Translation:You are childish!
Childlike is aniñado. A virtue, sometimes. Childish is infantil, pueril. Not so virtuous.
la respuesta que mi mente buscaba, gracias mitcorb! por favor, recibe este lingot!!
the sentence said child-ISH, NOT child-LIKE. two literally completely different meaning words.
a CHILDLIKE person, is a person who may have interests, feelings or hobbies that is synonymous to young children, such as enjoying stuffed animals, puppets, soft cuddly blankies. x3
Whereas a CHILDISH person is a grown ass person who does not act like an adult, acts like a stupid little kid and throws tantrum over the most minute, superficial, petty and insignificant things.
Etimología español: foot soldiers are called infantry because the first regiments were named for las infantas, the official title of children of the Spanish monarch.
Okay, that explains why King Louis XIV's Spanish wife was referred to as the Infanta. (Obscure reference alert!)
The old R vs L problem. I checked it and the R is there. True, the two can be very close to each other. You'll just have to train your ear more.
If you are translating a spoken sentence, try the slow speech setting. It can help a lot.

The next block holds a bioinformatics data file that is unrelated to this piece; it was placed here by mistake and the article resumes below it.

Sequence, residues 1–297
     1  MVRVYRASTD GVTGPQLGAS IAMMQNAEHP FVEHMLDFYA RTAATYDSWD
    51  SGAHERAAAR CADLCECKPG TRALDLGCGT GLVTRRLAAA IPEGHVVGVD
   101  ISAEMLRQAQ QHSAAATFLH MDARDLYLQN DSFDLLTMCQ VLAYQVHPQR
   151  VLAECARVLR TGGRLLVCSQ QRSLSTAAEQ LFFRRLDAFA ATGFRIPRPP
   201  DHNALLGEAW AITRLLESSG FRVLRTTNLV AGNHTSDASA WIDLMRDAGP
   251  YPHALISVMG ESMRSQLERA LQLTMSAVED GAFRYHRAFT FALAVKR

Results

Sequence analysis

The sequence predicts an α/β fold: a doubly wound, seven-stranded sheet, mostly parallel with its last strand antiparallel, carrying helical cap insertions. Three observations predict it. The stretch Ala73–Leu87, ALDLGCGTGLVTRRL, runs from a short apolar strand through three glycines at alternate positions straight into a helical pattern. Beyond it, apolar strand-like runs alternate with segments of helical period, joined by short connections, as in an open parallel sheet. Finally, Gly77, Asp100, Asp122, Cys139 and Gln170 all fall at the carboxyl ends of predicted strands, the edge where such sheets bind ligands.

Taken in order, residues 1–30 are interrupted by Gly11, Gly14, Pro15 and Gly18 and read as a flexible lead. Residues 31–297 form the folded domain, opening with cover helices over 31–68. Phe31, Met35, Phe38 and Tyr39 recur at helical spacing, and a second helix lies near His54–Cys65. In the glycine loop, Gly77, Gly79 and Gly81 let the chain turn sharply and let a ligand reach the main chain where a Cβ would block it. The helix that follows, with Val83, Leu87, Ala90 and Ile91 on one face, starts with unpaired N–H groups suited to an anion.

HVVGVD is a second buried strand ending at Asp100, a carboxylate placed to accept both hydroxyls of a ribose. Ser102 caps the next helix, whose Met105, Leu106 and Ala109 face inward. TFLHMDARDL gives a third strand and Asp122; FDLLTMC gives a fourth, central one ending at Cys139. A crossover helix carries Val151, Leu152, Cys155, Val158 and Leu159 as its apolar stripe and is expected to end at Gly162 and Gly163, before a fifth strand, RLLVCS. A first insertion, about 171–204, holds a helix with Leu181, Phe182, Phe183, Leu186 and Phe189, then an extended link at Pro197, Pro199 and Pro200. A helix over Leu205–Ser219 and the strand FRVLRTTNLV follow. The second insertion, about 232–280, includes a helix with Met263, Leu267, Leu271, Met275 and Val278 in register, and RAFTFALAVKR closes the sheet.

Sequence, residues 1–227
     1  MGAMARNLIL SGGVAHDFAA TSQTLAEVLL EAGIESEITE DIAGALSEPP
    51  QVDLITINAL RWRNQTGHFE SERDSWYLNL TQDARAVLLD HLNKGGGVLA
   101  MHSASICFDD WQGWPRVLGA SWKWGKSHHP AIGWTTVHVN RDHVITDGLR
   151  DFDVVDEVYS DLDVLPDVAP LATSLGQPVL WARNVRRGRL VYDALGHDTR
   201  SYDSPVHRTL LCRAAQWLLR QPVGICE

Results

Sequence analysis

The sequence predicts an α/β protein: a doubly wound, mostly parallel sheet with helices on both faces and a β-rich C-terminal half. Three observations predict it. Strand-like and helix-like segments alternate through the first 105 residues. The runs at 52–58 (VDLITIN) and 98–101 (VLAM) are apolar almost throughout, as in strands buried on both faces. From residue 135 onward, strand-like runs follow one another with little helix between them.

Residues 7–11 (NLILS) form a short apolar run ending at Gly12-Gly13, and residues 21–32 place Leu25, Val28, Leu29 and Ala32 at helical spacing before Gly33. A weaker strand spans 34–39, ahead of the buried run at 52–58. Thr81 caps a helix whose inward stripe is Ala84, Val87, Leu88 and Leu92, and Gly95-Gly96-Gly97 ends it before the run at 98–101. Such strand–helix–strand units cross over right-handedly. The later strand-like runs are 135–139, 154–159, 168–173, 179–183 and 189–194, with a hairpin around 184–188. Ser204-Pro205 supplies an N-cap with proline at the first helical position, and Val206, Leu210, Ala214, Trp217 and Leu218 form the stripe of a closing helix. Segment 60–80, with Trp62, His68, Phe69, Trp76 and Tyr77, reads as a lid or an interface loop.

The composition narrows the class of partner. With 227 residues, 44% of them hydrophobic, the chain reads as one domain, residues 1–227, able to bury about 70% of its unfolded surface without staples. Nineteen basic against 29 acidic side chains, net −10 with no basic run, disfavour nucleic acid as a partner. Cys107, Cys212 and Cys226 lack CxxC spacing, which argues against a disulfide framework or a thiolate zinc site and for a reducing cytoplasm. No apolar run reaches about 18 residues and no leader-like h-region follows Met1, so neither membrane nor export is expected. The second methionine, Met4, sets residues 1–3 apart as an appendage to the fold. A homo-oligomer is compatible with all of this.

That doesn't mean it's incorrect, just that Duo doesn't yet recognize it.
This could be an answer, but in this context, 'infantil' is being used to criticize someone. Being 'young at heart' is usually a good thing, meaning that you like to play. Being childish in this translation means that your behavior is not very good.
It counted "You're being childish!" as wrong and I understand why, but in American English the circumstances where you would say "You are childish!" instead are rare.
"You're being childish!" = a behavior that needs to be changed.
"You are childish!" = a permanent condition not subject to change.
What I am wondering is is the Spanish ¡Eres infantil! truly reflect the second meaning set.